Durham Book Festival: Carol Ann Duffy and Friends


Saturday nights and an evening of poetry are not necessarily joined together as ‘entertainment’ in today’s society, but that doesn’t mean they shouldn’t be. It is rare to find the time to sit and listen to anything in our sensory-driven environments and hence, without the use of any cinematic effects, the audience can be transported by words alone. Indeed, in the quiet but strangely intense atmosphere of the theatre, I found the mere act of the poets slowly pouring themselves water a bit dramatic. But perhaps I’m looking too deeply- maybe they had just caught fresher’s flu as well.

the audience can be transported by words alone

Mark Pajak was the first of the ‘Friends’ to enter centre-stage. Indeed, he did fit the stereotype of the languishing poet. His poem Brood soon confirming this, as it recounted the visceral images of battery hens; their ‘feathers stripped to stems’ revealing their ‘scrotum skins’. Luckily, he broke the tension with a sarcastic quip that he was available for children’s parties as well as moody recitals.

Proving that poetry is multi-purpose, Keith Huston soon changed the atmosphere as he bounded onto stage smile and all. The tone of his performance was certainly one of comedic nostalgia as his poems mainly centred on his love of ‘showbiz’, one-liners and Tommy Cooper. For those of you unfamiliar with Cooper, my point that his comedy was of its time should become self-evident. For those who did recognise this epoch, his humour was well-received- perhaps seen as a comforting throwback.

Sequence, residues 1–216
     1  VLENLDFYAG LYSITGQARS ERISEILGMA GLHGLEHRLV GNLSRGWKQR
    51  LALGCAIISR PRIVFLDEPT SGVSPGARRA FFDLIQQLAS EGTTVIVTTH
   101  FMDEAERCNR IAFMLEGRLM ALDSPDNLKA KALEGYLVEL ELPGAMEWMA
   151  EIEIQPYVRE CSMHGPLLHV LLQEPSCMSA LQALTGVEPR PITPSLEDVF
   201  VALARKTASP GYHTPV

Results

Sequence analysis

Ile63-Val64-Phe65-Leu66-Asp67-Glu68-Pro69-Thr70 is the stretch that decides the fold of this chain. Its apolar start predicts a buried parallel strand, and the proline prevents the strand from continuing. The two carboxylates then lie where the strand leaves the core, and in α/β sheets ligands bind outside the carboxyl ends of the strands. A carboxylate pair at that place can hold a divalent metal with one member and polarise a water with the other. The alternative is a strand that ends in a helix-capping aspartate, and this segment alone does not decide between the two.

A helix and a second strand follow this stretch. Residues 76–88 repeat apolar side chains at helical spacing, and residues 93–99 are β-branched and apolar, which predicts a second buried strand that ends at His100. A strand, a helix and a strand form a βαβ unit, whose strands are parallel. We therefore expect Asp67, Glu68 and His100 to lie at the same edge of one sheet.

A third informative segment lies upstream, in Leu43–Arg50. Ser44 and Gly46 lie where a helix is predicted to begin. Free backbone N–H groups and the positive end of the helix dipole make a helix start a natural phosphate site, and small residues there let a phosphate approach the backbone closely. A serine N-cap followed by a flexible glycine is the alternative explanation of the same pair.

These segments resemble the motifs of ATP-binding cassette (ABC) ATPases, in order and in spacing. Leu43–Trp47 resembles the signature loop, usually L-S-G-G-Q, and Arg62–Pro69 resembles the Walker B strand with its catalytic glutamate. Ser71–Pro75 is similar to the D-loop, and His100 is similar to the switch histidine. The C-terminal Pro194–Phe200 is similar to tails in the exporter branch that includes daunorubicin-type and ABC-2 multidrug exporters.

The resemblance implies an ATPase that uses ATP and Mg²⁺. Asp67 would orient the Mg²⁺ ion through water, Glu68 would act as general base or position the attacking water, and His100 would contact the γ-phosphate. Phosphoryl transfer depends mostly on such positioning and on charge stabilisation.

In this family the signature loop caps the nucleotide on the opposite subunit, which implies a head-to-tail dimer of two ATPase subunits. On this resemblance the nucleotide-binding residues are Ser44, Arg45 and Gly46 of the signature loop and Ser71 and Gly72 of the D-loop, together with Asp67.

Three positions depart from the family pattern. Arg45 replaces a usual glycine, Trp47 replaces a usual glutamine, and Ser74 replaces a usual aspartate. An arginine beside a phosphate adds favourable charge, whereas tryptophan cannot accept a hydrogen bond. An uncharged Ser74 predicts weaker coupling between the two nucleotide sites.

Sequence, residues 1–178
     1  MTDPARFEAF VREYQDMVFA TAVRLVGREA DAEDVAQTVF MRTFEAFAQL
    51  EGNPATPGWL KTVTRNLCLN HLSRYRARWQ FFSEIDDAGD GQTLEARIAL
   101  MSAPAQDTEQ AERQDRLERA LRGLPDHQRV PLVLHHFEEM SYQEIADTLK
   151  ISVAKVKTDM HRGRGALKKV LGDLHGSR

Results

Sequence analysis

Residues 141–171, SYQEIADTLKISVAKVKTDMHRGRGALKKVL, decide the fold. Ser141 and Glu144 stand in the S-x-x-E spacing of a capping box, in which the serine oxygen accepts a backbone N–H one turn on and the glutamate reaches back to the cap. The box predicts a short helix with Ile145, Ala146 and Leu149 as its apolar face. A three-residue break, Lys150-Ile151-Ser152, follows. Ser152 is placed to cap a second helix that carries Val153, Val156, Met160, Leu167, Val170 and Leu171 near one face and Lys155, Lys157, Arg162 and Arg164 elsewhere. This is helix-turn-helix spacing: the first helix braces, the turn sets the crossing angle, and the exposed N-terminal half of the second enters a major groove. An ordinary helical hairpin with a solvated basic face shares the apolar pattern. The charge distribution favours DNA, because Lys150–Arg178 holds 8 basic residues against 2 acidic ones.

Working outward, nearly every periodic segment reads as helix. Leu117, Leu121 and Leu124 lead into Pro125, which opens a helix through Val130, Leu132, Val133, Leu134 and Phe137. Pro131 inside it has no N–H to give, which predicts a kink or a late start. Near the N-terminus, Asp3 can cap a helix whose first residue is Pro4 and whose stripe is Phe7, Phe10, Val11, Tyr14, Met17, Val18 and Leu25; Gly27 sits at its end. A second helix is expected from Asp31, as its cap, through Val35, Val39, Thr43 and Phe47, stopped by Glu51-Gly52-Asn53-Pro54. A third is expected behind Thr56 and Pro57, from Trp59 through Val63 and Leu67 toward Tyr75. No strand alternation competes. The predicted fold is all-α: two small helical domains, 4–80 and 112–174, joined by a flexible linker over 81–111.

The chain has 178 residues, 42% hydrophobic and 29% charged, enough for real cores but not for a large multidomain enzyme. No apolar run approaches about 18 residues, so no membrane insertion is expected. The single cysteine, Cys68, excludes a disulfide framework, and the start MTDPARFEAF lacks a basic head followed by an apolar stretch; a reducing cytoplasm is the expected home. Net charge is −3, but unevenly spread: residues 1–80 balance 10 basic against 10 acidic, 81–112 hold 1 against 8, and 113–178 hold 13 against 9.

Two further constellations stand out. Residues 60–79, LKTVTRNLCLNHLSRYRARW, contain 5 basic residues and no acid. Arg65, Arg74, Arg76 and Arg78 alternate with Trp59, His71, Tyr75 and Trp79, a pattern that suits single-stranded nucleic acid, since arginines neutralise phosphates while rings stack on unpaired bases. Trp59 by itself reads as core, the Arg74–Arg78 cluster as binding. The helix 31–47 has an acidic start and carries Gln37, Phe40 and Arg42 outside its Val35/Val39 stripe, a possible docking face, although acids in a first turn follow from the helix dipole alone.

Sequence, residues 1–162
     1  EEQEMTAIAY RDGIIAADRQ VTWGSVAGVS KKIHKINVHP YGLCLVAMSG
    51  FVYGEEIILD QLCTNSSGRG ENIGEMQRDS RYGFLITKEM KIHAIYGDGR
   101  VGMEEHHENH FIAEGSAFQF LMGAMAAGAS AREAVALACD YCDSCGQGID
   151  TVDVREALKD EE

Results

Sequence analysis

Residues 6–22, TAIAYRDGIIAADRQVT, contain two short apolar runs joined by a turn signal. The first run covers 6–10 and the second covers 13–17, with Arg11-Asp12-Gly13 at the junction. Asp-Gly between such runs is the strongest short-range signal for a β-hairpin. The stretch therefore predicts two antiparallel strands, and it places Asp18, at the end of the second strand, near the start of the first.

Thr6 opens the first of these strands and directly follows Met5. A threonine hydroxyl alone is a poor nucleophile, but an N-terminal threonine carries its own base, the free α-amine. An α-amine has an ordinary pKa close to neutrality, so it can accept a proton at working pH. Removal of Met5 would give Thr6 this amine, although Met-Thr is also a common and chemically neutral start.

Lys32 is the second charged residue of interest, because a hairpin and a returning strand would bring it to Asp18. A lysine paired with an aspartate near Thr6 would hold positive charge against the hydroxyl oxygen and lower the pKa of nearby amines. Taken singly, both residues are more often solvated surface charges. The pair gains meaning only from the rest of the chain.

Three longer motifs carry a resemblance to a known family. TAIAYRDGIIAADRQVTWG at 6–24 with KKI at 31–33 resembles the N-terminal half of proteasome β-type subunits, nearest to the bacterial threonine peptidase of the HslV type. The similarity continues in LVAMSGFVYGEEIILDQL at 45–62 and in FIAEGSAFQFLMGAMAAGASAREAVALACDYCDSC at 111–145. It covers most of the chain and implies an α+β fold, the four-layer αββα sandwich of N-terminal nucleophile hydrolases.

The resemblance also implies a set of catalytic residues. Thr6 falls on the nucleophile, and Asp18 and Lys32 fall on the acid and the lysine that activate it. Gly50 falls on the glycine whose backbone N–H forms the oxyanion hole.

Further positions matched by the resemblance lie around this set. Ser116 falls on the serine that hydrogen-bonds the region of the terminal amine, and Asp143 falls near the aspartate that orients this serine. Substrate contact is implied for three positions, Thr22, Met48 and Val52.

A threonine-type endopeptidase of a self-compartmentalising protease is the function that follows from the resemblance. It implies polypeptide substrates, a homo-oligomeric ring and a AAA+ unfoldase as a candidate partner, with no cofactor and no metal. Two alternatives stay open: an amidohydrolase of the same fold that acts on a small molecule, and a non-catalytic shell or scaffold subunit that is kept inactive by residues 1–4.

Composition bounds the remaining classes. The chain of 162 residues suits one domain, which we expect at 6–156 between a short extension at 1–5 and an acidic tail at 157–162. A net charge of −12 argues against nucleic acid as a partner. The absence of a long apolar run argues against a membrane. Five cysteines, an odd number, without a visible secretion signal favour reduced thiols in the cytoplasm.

he did fit the stereotype of the languishing poet

Finally, Carol Ann Duffy, the main event, appeared before the audience. She has been a lover of firsts in her career, acting as the first Scottish, female and openly gay Poet Laureate. Therefore, it was strange to see her reciting from her last collection of poetry as Laureate – Sincerity. Yet, despite this feeling of closure, the energy which first attracted me to her poems remained as they proved admirably accessible. One of my particular highlights from the collection was the sestina, A Formal Complaint, definitely a poem for the fan of an expletive, as the arrangement of insults captured the political anger of the modern day. This sentiment was continued in Gorilla, in which she prophesized ‘with a day’s more evolution it could even be President’. Indeed, what event in modern culture is not complete without a cheap jibe at Donald Trump? Every Gorilla needs an orangutan it would seem.

poetry should be brought into the realm of modern entertainment more often

In reflection, this performance proved to me that poetry should be brought into the realm of modern entertainment more often. The ability for the poet to skip from one mood and subject to another in a matter of minutes, potentially even a matter of lines, is unique to this art form. Perhaps the only downside to this attribute is that it can lead to a lack of continuity within a performance – making it bitty. On the other hand, maybe poetry reflects the fact that life can also be bitty with its stops and starts, its highs and lows; helping us to face up to that rocky ride we must all go on.

Photograph: Wikimedia Commons

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